Last year, there was much lament over the gutting of Florida’s Growth Management Act, the 1985 law consistently hailed as a model for state smart growth planning. But if it was so great, how come there is even more lament over Florida’s sprawl?
Others better versed in Florida planning have written on this topic. Most critiques single out one policy at a time, namely transportation concurrency, or present lists of suspected policies and processes. These are, of course, necessary discussion frames; for the most readable introduction to the topic, see the April 2008 edition of Research in Review (Florida State University) article “Pain in Paradise: Florida’s Failed Fix-All.” The article contains links to the best in the business and I recommend studying up. For a great synopsis of transportation concurrency, see “Rethinking the Florida Transportation Concurrency Mandate,” by Tim Chapin et al, from Florida State Univeristy.
However, if we are to correct course to develop and redevelop better communities, then we a fresh look not only at individual policies, but also at the various planning scales. Growth management in Florida basically focuses on two scales: the (1) comprehensive plan for cities/counties, and (2) individual projects. Regional planning is not as strong as the Act’s language might suggest. “Developments of Regional Impacts” or DRIs are overwhelmingly single owner, large projects, not regional planning.
Now let’s look at these planning scales another way. Florida planning has traditionally focused on two scales that are set by boundaries: jurisdictional and project level. These are two necessary scales, but used alone, produce a landscape built on “pods.” It is hard to get a grip on how various cities and projects connect together when the mind jumps quickly to managing within borders. Suburban discontent, alas, tends to emanate from dysfunctional flows: traffic, water, money.
This is why planning built on flows is so important. It seems like smart growth leaders have picked up on the importance of flows and regional planning, so let’s turn to what I think is the most important – yet least appreciated - planning tool: small area planning.
Planners in urban areas use this scale every single day, but it’s a given to the point of being unacknowledged. Great transit oriented development is based on how pedestrians flow around mass transit station areas. Sub-watershed plans are essential in matching management practice to local water flows. Because efficient land use relies on sharing amenities like parking, streetscape, parks and the like, small area plans facilitate getting more out of smaller, yet linked, parcels. Small area plans that link the built and natural landscapes tend to be adopted over time as communities mature, which may explain why they are more common in urban communities.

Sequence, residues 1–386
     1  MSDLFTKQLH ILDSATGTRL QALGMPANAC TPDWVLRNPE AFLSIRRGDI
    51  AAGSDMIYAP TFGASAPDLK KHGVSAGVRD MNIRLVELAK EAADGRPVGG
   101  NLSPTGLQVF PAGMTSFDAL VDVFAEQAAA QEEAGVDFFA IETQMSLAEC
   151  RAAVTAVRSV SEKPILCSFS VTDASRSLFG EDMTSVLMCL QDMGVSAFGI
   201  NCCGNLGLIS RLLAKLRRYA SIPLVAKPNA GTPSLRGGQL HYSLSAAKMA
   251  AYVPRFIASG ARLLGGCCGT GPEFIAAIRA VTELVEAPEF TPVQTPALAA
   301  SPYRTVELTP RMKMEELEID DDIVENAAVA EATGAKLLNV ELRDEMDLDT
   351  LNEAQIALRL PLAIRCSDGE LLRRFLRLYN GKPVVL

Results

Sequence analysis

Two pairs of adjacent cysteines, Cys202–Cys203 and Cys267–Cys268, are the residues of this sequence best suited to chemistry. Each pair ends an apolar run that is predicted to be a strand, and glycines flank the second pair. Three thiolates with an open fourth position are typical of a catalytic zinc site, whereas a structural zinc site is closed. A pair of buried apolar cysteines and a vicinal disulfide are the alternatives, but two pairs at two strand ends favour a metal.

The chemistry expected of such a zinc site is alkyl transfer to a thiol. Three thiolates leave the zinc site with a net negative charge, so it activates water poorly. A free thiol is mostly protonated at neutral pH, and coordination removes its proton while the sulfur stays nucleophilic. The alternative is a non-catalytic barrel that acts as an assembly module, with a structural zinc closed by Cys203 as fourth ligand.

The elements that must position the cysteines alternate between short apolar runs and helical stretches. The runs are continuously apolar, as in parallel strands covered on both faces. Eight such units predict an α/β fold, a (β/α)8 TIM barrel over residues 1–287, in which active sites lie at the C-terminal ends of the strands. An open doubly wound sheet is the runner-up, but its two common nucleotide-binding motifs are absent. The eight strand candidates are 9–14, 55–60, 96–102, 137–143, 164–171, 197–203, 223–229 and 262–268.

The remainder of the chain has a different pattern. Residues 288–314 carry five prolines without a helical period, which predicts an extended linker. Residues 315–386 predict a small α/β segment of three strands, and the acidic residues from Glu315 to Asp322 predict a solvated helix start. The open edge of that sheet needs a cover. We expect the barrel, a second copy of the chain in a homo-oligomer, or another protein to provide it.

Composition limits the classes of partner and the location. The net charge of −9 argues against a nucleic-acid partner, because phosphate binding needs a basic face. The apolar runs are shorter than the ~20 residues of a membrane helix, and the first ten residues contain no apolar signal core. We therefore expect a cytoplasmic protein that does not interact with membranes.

Many suburbs are at key maturation points, though may resist the introduction of new planning layers. Neighborhoods naturally react when they see a plan that includes their subdivision with commercial development. Even if no land use changes come into play for residential areas, the border of the subdivision is understood to be the small area plan.
Developers have been programmed to be enemies of each other, not collaborators, often using the very smart growth tools we invented to get better results against one another. In Florida, transportation concurrency forces a death match over road capacity. The best description I have ever heard is that in suburbs, concurrency is like an all-you-can-eat buffet, where the first guy in line’s best strategy is to take all the chicken wings and leave the scraps – and the bill – to everyone else. In California, developers are using the state’s Environmental Quality Act (CEQA) in an effort to stall the competition. Smarter growth and great redevelopment rely on cooperation among landowners, a topic that needs more examination.
Most importantly, paying for this level of planning will be difficult. Traditionally, local governments have paid for comprehensive planning within jurisdictions and developers pay for project planning when they are ready to move dirt. So who pays for the new, inclusive and predictive in-between planning layer?
This post is the first of many that will examine the importance of small area plans, their power, and the suburbs. It is the most powerful sprawl retrofitting, traffic subtracting, energy saving, water efficient, quality of life enhancing tool out there. Fixing sprawl in Florida will rely on sub-Comprehensive Plan level planning, and last year's rewrite includes a new sector planning tool. It's a start.